Web mapping tools - from beginner to advanced.
How do you make a web map?
This post comprises a list of my mapping tools beyond those discussed in the Naming Edmonton events. For some more detail on the geographic concepts relative to map making, please see mapschool.
Open Data (definition)- Open data forms the basis for most of my base map data, my goto data portals are:
- Edmonton's Open Data Portal
- Government of Alberta's Open Data Portal
- Government of Canada Open Data Portal
- Stats Can
- Natural Earth
- Open Street Map Metro Extracts
- Open Street Map Country and Province Extracts
- Canadian GIS: a list a open/free data sources from Canadian GIS
- A GIANT LIST OF OPEN DATA REPOSITORIES (Really. It's giant.)
I mix and match the data found in these portals to try and make maps and do analysis that provide insight into questions of urban form and geography. When combined with one or more of the following GIS tools (GIS definition), open data can provide some pretty cool insight.
Cartographica - I mainly use Cartographica as a desktop geocoder and quick & dirty data viz tool. I love how simple it is to dump data into the view window, and how quick it renders large data sets. It is a light and easy way to quickly get a sense of a dataset, plus it has a 'live' map feed of OpenStreetMap or Bing. It can import or export to KML, and complete some lightweight data analysis like heat maps. Unfortunately, you have to purchase this software.
QGIS - Where Cartographica is light and costs, QGIS is robust and free. It is a full GIS on your desktop, and because I run an iMac, the easiest way to do spatial analysis without loading a Windows VM for ArcGIS (and much cheaper too, as in free). I love QGIS, but it requires a set of skills comparable to those used in ArcGIS and will require some effort to learn.
Web Based GIS
MapBox - MapBox provides three services that I find vital - (1) web hosting, (2) base maps that can be styled, and (3) MapBox Studio which allows the user to build beautiful custom maps with imported data. Also, MapBox provides some great satellite imagery as a base map, and an awesome blog on what is new in mapping. It is more complicated to learn than CartoDB, but provides greater flexibility once you acquire the skills.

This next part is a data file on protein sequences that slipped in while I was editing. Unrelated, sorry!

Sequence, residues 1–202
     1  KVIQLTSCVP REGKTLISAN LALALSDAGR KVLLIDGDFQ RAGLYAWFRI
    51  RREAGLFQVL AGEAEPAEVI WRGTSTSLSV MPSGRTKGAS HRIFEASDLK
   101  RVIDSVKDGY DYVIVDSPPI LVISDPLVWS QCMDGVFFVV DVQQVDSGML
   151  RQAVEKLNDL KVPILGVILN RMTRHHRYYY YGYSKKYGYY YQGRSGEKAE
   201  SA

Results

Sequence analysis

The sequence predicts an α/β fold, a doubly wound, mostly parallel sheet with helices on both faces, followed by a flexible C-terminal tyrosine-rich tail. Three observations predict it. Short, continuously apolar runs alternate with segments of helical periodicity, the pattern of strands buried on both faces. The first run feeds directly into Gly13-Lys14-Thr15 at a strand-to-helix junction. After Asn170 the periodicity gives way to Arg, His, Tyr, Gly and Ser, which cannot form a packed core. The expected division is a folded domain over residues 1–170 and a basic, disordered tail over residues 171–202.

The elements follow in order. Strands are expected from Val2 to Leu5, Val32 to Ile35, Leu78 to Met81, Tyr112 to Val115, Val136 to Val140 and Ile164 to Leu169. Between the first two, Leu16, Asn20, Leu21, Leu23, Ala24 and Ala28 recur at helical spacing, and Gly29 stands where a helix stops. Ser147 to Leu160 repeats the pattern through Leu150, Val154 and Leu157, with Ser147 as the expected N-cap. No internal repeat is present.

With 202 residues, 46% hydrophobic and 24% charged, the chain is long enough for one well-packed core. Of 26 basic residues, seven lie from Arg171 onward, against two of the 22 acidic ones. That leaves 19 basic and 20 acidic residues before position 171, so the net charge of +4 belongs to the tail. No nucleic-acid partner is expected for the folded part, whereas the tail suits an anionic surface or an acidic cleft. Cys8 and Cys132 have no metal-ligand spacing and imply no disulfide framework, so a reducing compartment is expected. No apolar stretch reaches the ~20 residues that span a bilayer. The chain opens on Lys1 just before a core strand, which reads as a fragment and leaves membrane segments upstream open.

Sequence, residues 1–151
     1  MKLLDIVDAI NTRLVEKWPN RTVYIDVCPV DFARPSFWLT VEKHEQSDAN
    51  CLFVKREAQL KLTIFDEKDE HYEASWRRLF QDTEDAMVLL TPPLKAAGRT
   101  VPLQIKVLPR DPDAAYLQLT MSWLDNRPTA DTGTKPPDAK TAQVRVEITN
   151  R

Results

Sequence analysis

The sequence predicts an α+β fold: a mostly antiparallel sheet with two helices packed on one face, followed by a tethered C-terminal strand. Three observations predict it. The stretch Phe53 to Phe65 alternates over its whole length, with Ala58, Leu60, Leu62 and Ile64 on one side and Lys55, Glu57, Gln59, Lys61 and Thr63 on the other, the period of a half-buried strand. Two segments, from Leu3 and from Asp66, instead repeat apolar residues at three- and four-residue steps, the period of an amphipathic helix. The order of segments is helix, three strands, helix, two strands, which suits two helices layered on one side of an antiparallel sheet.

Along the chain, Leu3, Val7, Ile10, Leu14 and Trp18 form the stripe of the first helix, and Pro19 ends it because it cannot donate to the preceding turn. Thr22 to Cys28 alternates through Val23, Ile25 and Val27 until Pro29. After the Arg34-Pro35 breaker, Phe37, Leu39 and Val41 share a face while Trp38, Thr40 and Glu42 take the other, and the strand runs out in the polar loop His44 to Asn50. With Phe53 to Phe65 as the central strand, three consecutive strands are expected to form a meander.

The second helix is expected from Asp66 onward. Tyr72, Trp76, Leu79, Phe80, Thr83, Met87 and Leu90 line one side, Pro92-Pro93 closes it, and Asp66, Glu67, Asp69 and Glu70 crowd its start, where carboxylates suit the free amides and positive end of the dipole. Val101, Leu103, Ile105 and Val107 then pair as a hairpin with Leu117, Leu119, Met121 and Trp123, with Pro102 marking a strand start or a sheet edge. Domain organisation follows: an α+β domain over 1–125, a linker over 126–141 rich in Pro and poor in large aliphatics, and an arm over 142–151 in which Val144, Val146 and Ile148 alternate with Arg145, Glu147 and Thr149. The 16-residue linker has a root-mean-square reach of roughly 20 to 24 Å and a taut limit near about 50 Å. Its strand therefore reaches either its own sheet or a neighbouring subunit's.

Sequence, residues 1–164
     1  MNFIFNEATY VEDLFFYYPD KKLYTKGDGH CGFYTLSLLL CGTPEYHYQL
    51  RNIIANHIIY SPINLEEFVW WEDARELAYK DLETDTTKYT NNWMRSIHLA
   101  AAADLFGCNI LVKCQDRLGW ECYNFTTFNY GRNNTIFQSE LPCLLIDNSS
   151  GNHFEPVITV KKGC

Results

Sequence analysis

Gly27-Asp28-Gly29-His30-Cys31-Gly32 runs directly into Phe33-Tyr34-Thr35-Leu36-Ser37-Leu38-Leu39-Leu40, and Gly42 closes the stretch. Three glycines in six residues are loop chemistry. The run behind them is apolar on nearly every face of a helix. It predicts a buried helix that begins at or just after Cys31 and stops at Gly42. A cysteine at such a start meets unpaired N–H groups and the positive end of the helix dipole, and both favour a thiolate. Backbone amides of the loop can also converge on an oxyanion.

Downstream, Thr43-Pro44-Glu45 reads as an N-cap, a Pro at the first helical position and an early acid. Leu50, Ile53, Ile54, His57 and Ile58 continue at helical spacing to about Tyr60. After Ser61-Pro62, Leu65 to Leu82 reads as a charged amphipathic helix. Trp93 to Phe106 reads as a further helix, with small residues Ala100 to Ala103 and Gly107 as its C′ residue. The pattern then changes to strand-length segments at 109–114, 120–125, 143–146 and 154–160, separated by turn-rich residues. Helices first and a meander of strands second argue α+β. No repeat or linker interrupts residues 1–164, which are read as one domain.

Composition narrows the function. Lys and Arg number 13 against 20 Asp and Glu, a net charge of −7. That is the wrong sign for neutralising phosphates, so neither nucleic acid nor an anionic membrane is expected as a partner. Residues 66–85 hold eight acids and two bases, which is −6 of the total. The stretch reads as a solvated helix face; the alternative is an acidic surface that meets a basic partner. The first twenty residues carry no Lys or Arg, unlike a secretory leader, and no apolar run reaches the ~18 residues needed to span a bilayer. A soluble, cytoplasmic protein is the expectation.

CartoDB - Perhaps the most straightforward web tool to use, CartoDB allows the user to simply import data, view the table or map, and then style the data. Many layers can be added, and simple analysis / visualizations can also be run. There are also a selection of base maps to choose from. I love how CartoDB makes temporal data come alive. Check out this map of '7 Years of Tornado Data', and how you can almost pick out the season by the amount of tornado activity.
This is not a complete list - in fact it is barely a list. Please add a comment to point out what I am missing.
- GitHub Learn GeoJson - GitHub is a place where programmers, especially those working on the OSS space, keep their code for others to download, use and improve upon. This is made by Lyzi Diamond.
- Maptime! - An awesome list of mapping resources by Alan McConchie (@almccon) and Matthew McKenna (@mpmckenna8).
- Spatial Analysis On-line - As I try to remember my GIS courses, this is the on-line text that I reference to help me understand the analysis I want to run.
- Mapschool - Tom MacWright wrote this as a crash course in mapping for developers.
Colour and Maps
Because maps should be beautiful, I use these colour palette websites to make them easy to read and colourful:
Finally, NASA has a great 6 part series on colour theory called the "Subtleties of Color".